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Kanban is a simple example of the Kanban system implementation might be a “three –bin system” for the supplied parts one bin on the factory floor (demand point) one bin in the factory store and one bin at the supplier’s store. The bins usually have a removable card that contains the product details and other relevant information – the Kanban card.
When the bin on the factory floor becomes empty, i.e. there is a demand for parts, the empty bin and Kanban cards are returned to the factory store. The factory store then replaces the bin on the factory floor with a full bin, which also contains a Kanban card. The factory store then contacts the supplier’s store and returns the now empty bin with its Kanban card. The supplier’s inbound product bin with its Kanban card is then delivered to the factory store completing the final step to the system.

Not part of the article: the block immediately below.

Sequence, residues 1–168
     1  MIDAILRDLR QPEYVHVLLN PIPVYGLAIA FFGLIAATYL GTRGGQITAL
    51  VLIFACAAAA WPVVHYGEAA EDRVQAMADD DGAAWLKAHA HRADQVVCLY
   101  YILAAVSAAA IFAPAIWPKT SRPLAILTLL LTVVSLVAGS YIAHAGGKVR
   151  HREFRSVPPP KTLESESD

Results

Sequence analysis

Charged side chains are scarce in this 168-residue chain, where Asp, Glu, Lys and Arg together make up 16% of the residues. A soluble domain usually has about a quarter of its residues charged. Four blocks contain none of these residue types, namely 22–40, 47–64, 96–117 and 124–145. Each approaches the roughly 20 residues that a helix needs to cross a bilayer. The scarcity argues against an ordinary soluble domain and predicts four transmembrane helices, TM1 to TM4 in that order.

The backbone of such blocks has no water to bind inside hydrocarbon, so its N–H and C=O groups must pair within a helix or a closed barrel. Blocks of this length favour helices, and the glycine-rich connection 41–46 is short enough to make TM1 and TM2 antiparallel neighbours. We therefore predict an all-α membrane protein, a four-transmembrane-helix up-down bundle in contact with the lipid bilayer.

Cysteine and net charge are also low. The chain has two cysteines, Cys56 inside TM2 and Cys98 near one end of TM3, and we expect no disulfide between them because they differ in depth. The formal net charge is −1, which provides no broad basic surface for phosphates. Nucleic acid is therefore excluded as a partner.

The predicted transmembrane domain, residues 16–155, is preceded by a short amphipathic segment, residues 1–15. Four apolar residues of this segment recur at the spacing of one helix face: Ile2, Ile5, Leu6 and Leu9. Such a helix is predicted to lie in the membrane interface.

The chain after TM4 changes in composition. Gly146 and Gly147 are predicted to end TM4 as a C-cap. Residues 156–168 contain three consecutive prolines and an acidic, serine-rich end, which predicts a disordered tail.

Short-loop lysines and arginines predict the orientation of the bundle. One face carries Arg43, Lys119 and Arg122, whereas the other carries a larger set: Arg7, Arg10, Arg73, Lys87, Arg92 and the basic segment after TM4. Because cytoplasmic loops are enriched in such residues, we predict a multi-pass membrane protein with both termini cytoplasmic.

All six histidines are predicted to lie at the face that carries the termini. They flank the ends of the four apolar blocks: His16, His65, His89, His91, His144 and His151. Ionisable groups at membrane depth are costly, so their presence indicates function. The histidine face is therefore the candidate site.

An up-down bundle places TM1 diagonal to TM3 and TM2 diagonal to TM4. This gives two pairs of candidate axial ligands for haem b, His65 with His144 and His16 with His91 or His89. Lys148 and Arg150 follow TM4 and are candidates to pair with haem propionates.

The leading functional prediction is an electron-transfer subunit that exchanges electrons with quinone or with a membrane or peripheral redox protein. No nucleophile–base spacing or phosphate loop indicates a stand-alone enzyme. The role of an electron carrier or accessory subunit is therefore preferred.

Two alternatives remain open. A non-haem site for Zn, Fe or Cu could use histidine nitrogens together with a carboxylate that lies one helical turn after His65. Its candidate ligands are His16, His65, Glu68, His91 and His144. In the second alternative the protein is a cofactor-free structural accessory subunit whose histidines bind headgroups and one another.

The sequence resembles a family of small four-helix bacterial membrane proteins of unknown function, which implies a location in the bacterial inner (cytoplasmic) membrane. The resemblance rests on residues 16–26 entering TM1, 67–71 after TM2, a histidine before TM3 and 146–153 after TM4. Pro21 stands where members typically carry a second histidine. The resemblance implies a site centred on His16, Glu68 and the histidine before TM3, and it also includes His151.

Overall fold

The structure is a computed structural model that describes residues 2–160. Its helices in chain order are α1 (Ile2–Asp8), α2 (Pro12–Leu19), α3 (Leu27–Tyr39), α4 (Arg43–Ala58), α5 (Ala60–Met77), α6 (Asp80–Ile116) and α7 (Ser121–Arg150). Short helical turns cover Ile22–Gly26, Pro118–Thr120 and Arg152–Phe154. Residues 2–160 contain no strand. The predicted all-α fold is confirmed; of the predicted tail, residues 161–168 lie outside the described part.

Thus the process will never run out of product and could be described as a loop, providing the exact amount required, with only one spare so there will never be an oversupply. This “spare” bin allows for the uncertainty in supply, use and transport that are inherent in the system. The secret to a good Kanban system is to calculate how many Kanban cards are required for each product. Most factories using Kanban use the coloured board system (Heijunka Box). This consists of a board created especially for holding the Kanban cards.
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